“Top Chef” puts cheftestants in the shoes of … babies and hotel guests? - SmartBrief

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“Top Chef” puts cheftestants in the shoes of … babies and hotel guests?

3 min read

Restaurant and Foodservice

SmartBrief’s Amanda Yeager tuned in to this week’s episode of “Top Chef D.C.”

Cheftestants entering the “Top Chef” kitchen this week were puzzled to find only hosts Tom Colicchio and Padma Lakshmi there to greet them. In the place of a guest judge: building blocks and baby toys. Their challenge? To prepare a meal that would appeal to adult palates and translate well into a baby-food puree.

The results went far out of the realm of Gerber Baby fare, much to the delight, I’m sure, of foodie parents everywhere. The winning dishes-slash-purees were a salmon-topped vegetable chowder with lobster stock, Thai basil and licorice oil by Tamesha Warren, sous chef at D.C.’s Oval Room, and curried chicken with mango salad, butternut squash confit and Maitake mushrooms whipped up by Kenny Gilbert, executive chef at PGA Resort & Hotel.

The elimination challenge required a different type of innovation — cheftestants were asked to invent breakfast, lunch and dinner dishes that could be added to the menu at Hilton Hotels nationwide. Each round, the two best groups gained immunity, leaving the others to battle it out for a chance to stay on the show.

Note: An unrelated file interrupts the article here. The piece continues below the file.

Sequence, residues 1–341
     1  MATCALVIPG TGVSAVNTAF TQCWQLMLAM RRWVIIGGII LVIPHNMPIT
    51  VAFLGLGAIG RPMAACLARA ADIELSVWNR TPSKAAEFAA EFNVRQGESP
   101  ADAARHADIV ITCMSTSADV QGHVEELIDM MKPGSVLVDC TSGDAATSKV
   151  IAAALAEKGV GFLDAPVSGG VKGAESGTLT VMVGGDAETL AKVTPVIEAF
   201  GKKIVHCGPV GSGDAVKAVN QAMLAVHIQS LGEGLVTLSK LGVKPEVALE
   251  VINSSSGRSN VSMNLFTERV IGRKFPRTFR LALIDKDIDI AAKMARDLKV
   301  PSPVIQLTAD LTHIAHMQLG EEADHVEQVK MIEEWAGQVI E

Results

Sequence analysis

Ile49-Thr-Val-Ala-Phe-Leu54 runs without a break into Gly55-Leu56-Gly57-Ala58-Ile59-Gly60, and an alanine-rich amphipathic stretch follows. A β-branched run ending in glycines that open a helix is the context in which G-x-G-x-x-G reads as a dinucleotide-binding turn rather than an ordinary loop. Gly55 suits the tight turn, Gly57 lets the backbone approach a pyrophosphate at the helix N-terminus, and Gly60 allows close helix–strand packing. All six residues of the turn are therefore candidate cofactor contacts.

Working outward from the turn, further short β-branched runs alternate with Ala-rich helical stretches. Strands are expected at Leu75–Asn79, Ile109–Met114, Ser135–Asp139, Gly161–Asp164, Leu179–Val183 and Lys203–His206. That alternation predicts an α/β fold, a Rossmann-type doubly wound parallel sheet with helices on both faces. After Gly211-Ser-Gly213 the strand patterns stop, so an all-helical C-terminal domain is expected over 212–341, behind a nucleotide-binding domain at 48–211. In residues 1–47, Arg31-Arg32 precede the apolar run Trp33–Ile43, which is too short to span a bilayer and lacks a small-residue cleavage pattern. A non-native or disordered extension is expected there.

Some takeaways from the episode:

  • Know your audience. Whether you’re cooking for infants or hotel guests, it’s essential to consider what appeals to the sensibilities of the particular group you’re cooking for. Tamesha, who grew up cooking for her younger brother, seemed to understand the differences between preparing food for the younger and older sets: “You want to give an adult something flavorful, but for a baby — something a little more plain.” In the elimination challenge, Arnold and Lynne lost points for a squid ink pasta dish that, while inventive, didn’t seem to the judges like it would be a popular choice for vacationers staying at the Hilton.
  • Communication is key. This might be one of the oldest tips in the teamwork manual, but trust me — some of the groups would have done well to pay a little more attention to this advice. Kenny and Kevin had problems with their horseradish sauce that almost cost them the competition because they weren’t working together, while Arnold proclaimed himself blindsided by Lynne’s confession to the judges that she thought their pasta was undercooked.

What dish do you think would freshen up a Hilton Hotel menu while remaining accessible to a broad audience? Leave a comment.

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